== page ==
The Mediation of Power: A Critical Introduction
Routledge, 2007 M08 7 - 232 pages
The Mediation of Power investigates how those in positions of power use and are influenced by media in their everyday activities. Each chapter examines this theme through an exploration of some of the key topic areas and debates in the field. The topics covered are: * theories of media and power * media policy and the economics of information * news production and journalistic practice * public relations and media management * culture and power * political communication and mediated politics * new and alternative media * interest group communications * media audiences and effects. In addition, the book presents a series of critical dialogues with the traditional paradigms in the field. These are rethought, supplemented or discarded altogether. The discussions are illustrated with original research material from a range of communication environments and case study examples. These document stock market crashes, E-democracy, the subcultures of the London Stock Exchange and Westminster Parliament, the strategies of corporate and political spin doctors, mass media influences on politicians and the Make Poverty History campaign. The debates are enlivened by first-hand accounts taken from over 200 high-profile interviews with politicians, journalists, public officials, spin doctors, campaigners and captains of industry. Tim Bell, David Blunkett, Iain Duncan Smith, Simon Heffer, David Hill, Simon Hughes, Trevor Kavanagh, Neil Kinnock, Peter Riddell, Polly Toynbee, Michael White and Ann Widdecombe are some of those cited.
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Critical engagements with mediated power
Communication and the economic inefficiencies of market liberalisation
Discursive practices news production and the mobilisation of bias in public discourse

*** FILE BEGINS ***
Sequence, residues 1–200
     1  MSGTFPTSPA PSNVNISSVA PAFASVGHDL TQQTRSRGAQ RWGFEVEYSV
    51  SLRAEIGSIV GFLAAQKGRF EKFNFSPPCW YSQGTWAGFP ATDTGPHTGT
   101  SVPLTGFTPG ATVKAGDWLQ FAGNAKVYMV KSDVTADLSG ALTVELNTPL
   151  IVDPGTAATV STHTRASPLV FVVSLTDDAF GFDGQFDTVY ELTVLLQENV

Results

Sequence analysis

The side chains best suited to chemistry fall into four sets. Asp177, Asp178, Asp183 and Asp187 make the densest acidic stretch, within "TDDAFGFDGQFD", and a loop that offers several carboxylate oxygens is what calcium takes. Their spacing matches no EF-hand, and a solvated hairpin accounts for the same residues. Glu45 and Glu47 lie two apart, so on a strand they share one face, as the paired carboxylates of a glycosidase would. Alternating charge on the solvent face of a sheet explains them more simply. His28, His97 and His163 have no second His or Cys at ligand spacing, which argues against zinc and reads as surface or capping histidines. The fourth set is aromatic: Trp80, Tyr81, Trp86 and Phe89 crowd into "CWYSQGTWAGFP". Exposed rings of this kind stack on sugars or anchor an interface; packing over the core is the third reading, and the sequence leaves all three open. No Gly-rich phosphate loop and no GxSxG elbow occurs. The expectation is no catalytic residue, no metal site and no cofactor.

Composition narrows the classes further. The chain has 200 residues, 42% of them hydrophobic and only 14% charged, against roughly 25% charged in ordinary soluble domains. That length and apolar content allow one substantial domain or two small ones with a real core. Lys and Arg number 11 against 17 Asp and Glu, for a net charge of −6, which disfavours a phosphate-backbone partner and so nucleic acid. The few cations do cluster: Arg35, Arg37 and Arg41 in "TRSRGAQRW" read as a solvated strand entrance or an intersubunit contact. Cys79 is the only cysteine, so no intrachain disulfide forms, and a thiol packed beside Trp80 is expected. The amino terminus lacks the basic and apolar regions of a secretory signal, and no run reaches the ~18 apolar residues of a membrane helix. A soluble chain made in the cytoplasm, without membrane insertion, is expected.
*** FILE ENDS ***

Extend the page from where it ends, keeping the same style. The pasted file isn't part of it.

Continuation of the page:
Public media interelite conflict and power
The rediscovery of elite culture and power in media studies?
The mediation of parliamentary politics
The Internet and the parliamentary public sphere
Communication in the Make Poverty History campaign
The question of the rational audience in the London Stock Exchange
Chapter 10 Conclusions
A short note on research methods
List of interviewees
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Common terms and phrases
accounts activities agendas alternative analysts Ann Widdecombe argued audience become behaviour Bob Geldof brokers campaign cent Chapter City co-option competition consensus Conservative MP constituents corporate coverage critical Davis debate decision-making decisions democracy developed discourse discussion economic financial markets fund managers Geldof ideology impact individuals industry influence information sources information subsidies institutions interest groups Internet interviews investigated investment investors issues John Thurso journalism journalists Labour MP legislation Liberal Democrat Live8 London Stock Exchange mass media media and communication media and culture media effects media influence ment networks ofthe organisations paradigm Parliament parliamentary participants party Peter Luff political politicians Polly Toynbee Poverty History Power elites processes production professional public opinion public relations public sphere rational reporting sector shadow minister significant Simon Heffer sites of power social society stock market stories strategies studies there’s tion trading Trevor Kavanagh Westminster wider